They brought with them -- in their hearts and minds -- this piece of paper called the Treaty of 1868. In that paper, Navajos promised never to raise up arms again against the United States, even though we had been forced to for our own homeland security.

Like our other Native American brothers and sisters of that time, no more were we to be the independent and self-sufficient people of before. From then on, the United States wanted to have control over us, over our land, over the education of our children. The United States systematically tried to transform Navajos into brown White men.

We were sent to re-education camps called boarding schools where our children were reprogrammed to replace the Navajo language from their minds and remove the Navajo culture from their hearts. In the guise of helping, the United States even provided us with a form of tribal government that we used in many instances to oppress our own people. We must always beware that the oppressed not become the oppressor. Sadly, this is our history.

But that is not the whole picture. The same resiliency that saved us from that

wretched place Navajos called HwZZldi lives within us now. Navajos are

reclaiming our sovereignty, and we see this today.

Yes, while it has taken us 141 years and we still bear scars on our souls and

minds, we remain the determined people so feared in the 1800s by outsiders

who didn't understand our culture.

No longer do we have the Bureau of Indian Affairs monitor our deliberations

within the Navajo Nation Council. No longer do we sit idly by to let the

United States tell us we will have deadly uranium mining on our land. No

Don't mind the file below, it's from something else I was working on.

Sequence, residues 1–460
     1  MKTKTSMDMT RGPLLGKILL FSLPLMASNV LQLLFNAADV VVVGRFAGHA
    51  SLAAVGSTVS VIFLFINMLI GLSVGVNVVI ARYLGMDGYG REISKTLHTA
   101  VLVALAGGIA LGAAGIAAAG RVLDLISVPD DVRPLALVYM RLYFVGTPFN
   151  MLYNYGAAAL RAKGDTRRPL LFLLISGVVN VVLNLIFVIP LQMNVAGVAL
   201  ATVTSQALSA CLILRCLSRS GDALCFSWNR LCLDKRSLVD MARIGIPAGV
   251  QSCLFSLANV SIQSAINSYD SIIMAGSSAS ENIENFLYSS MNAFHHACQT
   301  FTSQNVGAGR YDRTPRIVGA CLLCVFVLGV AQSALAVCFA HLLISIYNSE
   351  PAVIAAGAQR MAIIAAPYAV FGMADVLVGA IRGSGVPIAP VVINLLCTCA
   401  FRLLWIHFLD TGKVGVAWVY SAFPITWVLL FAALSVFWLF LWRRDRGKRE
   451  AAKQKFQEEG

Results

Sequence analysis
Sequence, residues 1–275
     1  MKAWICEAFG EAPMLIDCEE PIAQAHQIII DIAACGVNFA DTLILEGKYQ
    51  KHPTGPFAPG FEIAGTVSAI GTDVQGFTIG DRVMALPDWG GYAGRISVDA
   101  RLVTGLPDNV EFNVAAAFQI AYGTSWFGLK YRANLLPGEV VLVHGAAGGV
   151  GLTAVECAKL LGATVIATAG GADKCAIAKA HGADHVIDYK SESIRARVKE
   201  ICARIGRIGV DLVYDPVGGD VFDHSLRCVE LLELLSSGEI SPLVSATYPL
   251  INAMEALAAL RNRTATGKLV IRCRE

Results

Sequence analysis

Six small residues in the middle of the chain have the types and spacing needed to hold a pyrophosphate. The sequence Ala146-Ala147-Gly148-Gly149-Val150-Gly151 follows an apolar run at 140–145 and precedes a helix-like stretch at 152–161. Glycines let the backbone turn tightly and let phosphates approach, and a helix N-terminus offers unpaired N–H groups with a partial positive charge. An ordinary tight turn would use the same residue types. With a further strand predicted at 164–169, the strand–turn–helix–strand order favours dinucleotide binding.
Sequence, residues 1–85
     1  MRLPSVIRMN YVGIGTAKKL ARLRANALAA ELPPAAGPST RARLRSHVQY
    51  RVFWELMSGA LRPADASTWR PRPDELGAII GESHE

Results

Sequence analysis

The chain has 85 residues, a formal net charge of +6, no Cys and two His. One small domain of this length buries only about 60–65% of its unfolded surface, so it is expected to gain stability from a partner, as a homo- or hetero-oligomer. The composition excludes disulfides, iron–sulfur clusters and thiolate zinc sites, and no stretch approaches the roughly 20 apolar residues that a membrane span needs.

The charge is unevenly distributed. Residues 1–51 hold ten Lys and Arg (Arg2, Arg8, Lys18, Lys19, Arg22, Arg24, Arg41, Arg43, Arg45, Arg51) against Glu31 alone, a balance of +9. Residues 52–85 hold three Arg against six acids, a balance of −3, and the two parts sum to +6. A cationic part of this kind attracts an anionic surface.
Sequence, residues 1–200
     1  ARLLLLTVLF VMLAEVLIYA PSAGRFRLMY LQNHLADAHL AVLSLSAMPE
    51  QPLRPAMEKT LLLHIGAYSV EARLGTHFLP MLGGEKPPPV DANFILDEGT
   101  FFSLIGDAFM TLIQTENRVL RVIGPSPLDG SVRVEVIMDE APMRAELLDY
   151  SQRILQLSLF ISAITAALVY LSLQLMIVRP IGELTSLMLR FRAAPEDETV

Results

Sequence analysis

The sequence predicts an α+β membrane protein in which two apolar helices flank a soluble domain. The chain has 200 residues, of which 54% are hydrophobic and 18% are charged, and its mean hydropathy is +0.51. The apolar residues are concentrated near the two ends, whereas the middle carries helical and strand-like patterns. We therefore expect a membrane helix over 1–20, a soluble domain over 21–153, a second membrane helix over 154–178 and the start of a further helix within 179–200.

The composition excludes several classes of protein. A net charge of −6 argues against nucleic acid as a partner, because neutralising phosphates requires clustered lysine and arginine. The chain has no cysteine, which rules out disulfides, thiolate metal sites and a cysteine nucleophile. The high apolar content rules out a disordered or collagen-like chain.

longer will we allow states to outlaw the teaching of the Navajo language to

our children in schools. No longer will we be silent as others defile our most sacred mountains.

The Navajo people today assert their sovereign right to make their own lawsand live by them, to seek the respect of other governments and receive it, and to meet with the leaders of other nations as their sovereign equals and partners.

The DinZ are resilient. They are determined. They are proud. They are intelligent. They are creative. They are visionary. They are caring. Like no other people I know, Navajos love their families, their clans and their people.

Like no other tribe in this country, over these past 141 years the DinZ brought themselves back from destitution, although we still have hunger andpoverty in our land. We have grown in population. Our lands have expanded.

With great effort and fortitude, we have labored from a state of total dependence and desperation to a place of increasing wealth and self-sufficiency.

My people have embraced the best of the White man's way and made it their

own. This year, 8,000 Navajo students graduated from our high schools, and

hundreds graduated from colleges and universities.

In another decade, Navajos with master's degrees and doctorates will number

in the thousands. What will this world be like when countless Navajos --

descendents of the Long Walk -- are received around the world as

professionals and addressed as doctor?

Indeed, it has been a Long Walk. Yet as I look around today, I see that Navajos are still here. Our language is still here. Our culture is still here. We, as a people, continue to be. My prayer is that 100 years from now, 500 years from now, even 1,000 years from now, DinZ people will still be here. Even then, a Navajo will proclaim to the Holy People, "I am here!"

If the Bosque Redondo Memorial to the Navajo people and children who suffered and died marks a purpose greater than remembrance, it is that DinZwill continue to survive, endure, grow and prosper until the very end of time.

That is how it should be.